'Warrior mentality' pushed Karambir Singh to great heights on football field

Mar. 25—Karambir "KB" Singh is deeply rooted in his faith and culture.

It shows when he is at home, working on his family's farm. It also shows in school at Arizona College Prep, where he is a high-GPA student hoping to one day have a career in agriculture.

But it really showed on the football field for the Knights. Singh battled through a position change and near debilitating injuries to become the first visible Sikh with unshorn hair and beard to sign with a Division I college football program.

"It was a special moment for sure," Singh said. "There's a stereotype. When you think of an Indian person you think of them being really smart and wanting to be a doctor or engineer. That's what people would ask when they came to our house, 'Hey, are you going to be a doctor?' No. I'm going to be in the NFL.

"It showed that anybody can do it. It doesn't matter what you look like."

The Sikh religion was established during a time of war in India. Sikh was the middle ground that brought forth peace to the nation.

Singh said Sikh is best described as "a religion of warriors that bring forth peace." They have a strong mentality that does not take persecution lightly. They're determined to achieve their goals and look to their God in order to do that.

That's what Singh has done his entire life either through daily prayer or scripture. Many of his wishes in life have been granted in due time. He credits his faith for most of that, as well as his own work ethic.

"Faith is the foundation for who I am," Singh said. "I use it as a guideline to live and do whatever I do in life. It's helped me through a lot of times growing up finding who I am. My maturity, I tie that to my faith. It teaches me to keep levelheaded and stay humble. On a football field you have to play with a little swagger but in life just stay humble."

Singh transferred from Washington to Arizona and initially began his high school football career at Hamilton. He had dabbled in youth football for years prior, mostly playing linebacker, wideout and some defensive line.

Initially, he thought his chances of playing football may have been slim. Two of his aunts are neurologists and warned him and his parents of the dangerous effects hits to the head may have on Singh's brain. However, his parents gave in after Singh created a PowerPoint presentation in fourth grade showcasing why he should be allowed to play football.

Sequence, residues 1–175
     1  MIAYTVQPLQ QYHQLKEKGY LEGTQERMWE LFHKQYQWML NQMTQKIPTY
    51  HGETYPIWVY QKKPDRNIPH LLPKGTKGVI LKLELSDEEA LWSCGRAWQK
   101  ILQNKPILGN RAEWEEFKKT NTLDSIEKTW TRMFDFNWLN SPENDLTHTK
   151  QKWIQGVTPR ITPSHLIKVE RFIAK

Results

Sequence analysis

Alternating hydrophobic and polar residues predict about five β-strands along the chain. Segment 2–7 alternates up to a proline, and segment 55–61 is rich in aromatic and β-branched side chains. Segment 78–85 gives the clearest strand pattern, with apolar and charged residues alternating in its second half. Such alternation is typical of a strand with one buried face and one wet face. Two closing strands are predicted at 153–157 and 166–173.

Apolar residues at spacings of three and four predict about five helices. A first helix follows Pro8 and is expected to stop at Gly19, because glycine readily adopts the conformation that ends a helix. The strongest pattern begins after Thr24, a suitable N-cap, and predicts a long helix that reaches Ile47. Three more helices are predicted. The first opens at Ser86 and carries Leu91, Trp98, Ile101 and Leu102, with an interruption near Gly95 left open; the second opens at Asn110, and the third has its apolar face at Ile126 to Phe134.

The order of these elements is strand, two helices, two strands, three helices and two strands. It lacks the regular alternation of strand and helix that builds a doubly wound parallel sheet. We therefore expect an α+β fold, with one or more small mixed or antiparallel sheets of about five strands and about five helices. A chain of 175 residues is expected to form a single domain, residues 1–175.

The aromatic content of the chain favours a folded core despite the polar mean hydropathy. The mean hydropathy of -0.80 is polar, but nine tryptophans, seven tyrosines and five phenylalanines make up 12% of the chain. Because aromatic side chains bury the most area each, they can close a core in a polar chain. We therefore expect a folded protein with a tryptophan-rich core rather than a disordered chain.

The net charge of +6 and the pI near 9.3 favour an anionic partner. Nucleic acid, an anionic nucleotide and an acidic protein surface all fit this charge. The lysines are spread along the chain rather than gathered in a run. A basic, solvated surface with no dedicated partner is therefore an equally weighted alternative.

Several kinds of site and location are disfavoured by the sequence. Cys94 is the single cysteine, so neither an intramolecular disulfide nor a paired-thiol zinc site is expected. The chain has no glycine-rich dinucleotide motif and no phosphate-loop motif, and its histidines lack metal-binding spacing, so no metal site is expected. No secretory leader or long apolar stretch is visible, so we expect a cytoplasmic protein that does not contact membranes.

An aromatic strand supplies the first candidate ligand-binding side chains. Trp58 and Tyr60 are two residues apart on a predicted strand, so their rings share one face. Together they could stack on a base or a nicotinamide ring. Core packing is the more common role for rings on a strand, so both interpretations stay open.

The rest is history. Despite a few twists and turns along the way.

Singh spent a year at Hamilton playing defensive end. Some of his best friends on the team transferred out of the program, leaving him feeling alone and out of place. So, he made the move to Arizona College Prep, which had just opened its new campus.

Singh expected to stay on defense, but he quickly found himself at right tackle on the offensive side of the ball. Despite to this day wishing he had played something else, he excelled. He was a two-year starter for the Knights and helped build the program into a 4A contender last season.

All of that was done despite practicing once a week due to a lingering ankle injury.

"Usually by the end of the game he couldn't walk anymore," said ACP Head Coach Steve Vaught, who was the defensive coordinator last season. "It just showed extreme toughness and his love for the game and his team to be able to push through that pain threshold."

Singh suffered an ankle injury in California at the team's summer camp. He was diagnosed with a high-ankle sprain, a relief given the severity of the pain he had and the awkward angle at which his ankle rested after the injury.

He was told he would miss an extended period of time by doctors. Of course, Singh's warrior mentality kicked in. He rehabbed and started the first game of the season. He started the second game, too, before aggravating the injury which forced him to sit out the third.

But he made it through the season and earned a Division I opportunity with Valparaiso in the process.

"They're getting a really hard worker, a really good teammate and an extremely tough individual," Vaught said. "He was basically a coach on the field. He's just an extremely mature young man and he did a great job of promoting the culture of the program."

Singh said Valpo was one of the first Division I program to offer him a scholarship. Upon visiting, he enjoyed the opportunities for outdoor recreation, something he adores here in Arizona.

He also saw an opportunity to prove his worth right away and become a starter. His goal has always been to prove he is the best on the field. Now he has that opportunity at the college level.

Soon, he hopes to prove it in the NFL, too, and become the first-ever Sikh to play professional football while he's at it.

"I'm going to work as hard as I possibly can, as fast as I can," Singh said. "I want to earn my spot. Hopefully, I can turn some heads of NFL scouts as well. I just need to keep pushing and keep working."

Have an interesting story? Contact Zach Alvira at (480)898-5630 or Follow him on Twitter @ZachAlvira.